Despite the fact that press releases will compare the big, brash sound of Hinder to rock pioneers such as Guns N’ Roses and Aerosmith, there’s nothing legendary about Hinder. The aptly named All American Nightmare is evidence of this, and offers a prophetic title, because if Hinder is what American rock music is about, then it is definitely a nightmare.
Of course, fans of radio rock and the countless bands that sound exactly like Hinder will likely love All American Nightmare. This is lighter-in-the-air, cigarette-over-ear rock, with plenty of crunchy riffs, tobacco-strained vocals and alcohol-influenced lyrics.
Hinder sounds promising on the opening track, “2 Sides of Me,” with a Soundgarden-esque guitar hook, but even the instrumentals can’t overcome the irritating, vapid lyrics – enough variations on “I’m gonna love you all night long” had been written well before All American Nightmare dropped, and not many more were necessary.
The title track also offers some good guitar, but the forced bad boy feel and far-too-familiar sound of the big chorus make you feel as though you’ve heard “All American Nightmare” quite a few times before, and quickly tried to find something else on a different station.
The contrast between “All American Nightmare” and the “ooh, babay” acoustic ballad “What Ya Gonna Do” is hilarious, and provides probably the most entertainment this album has to offer, albeit accidentally. “Hey Ho” is an anthem for Hinder’s down-home fans, with lyrics about a relationship doomed to failure because the narrator’s significant other did not appreciate his GNR shirt and listened to Kanye West. Again, if you already like this music, you’ll enjoy tracks like this; if not, you’ll be sick of the shtick by now.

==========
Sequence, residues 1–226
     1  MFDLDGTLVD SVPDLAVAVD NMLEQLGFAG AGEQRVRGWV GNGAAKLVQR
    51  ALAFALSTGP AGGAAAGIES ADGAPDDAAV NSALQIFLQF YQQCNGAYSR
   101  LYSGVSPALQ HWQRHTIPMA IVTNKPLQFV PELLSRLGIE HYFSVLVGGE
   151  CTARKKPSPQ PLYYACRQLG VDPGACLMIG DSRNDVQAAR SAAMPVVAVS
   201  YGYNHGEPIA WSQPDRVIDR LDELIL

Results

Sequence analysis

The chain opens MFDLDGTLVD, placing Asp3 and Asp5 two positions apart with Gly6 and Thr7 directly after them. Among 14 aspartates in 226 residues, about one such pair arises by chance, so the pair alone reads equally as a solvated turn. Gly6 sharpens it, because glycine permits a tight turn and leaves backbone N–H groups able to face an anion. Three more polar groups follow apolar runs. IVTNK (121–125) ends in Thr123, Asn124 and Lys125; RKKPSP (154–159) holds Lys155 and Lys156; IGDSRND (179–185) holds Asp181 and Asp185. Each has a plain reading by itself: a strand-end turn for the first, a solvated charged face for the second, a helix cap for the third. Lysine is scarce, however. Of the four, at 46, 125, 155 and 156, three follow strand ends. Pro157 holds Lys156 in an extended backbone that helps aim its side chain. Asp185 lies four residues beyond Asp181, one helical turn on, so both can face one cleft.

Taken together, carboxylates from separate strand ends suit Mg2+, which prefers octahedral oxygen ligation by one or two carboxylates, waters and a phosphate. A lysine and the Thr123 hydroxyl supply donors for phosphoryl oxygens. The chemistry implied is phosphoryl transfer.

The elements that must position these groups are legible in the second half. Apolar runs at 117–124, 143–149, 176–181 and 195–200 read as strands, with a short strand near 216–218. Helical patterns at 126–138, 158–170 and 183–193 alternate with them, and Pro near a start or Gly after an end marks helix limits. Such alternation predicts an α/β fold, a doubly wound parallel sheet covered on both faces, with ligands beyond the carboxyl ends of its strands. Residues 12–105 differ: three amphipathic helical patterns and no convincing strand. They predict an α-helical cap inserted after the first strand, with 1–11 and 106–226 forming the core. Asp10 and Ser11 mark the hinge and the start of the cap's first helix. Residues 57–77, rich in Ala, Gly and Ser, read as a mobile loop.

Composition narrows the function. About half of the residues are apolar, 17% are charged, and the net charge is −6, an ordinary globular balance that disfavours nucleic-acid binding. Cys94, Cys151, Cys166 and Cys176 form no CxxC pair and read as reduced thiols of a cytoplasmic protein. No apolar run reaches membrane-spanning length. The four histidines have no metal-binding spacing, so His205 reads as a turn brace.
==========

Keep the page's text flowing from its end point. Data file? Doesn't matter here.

“The Life” is another down-tempo, acoustic track that feels more like an attempt at crossover success than a soul-searching song. “Waking Up the Devil” provides some nice fingerpicking and engaging instrumentation throughout, and is perhaps the best track on All American Nightmare.
“Striptease” offers the deep lyrics, “I’d respect you more if you just took off your clothes,” which sums up the general mindset of most of All American Mindset, and is a raunchy rocking track that will most likely be mystifyingly popular.
“Everybody’s Wrong” provides another requisite ballad, and “Put That Record On” is an ode to the music that inspired Hinder, another crack-a-beer-and-pass-the-bong track.
If your idea of good rock music is what you can find on a top-4o station, then this will likely be the highlight of 2010 for you. If you prefer a little originality, creativity and perhaps even a time signature other than 4/4, then prepare to be disappointed. However, that’s not to say All American Nightmare won’t sell well; it will probably be certified gold and spawn a single or two that you’ll come to loathe as they’re overplayed. Hinder knows its demographic, and nails it on this album, suggesting that All American Nightmare is far more clever than it initially appears.
And – great news! Hinder is on tour now, and you can find Hinder tickets right here.
Your Hinder – All American Nightmare Review
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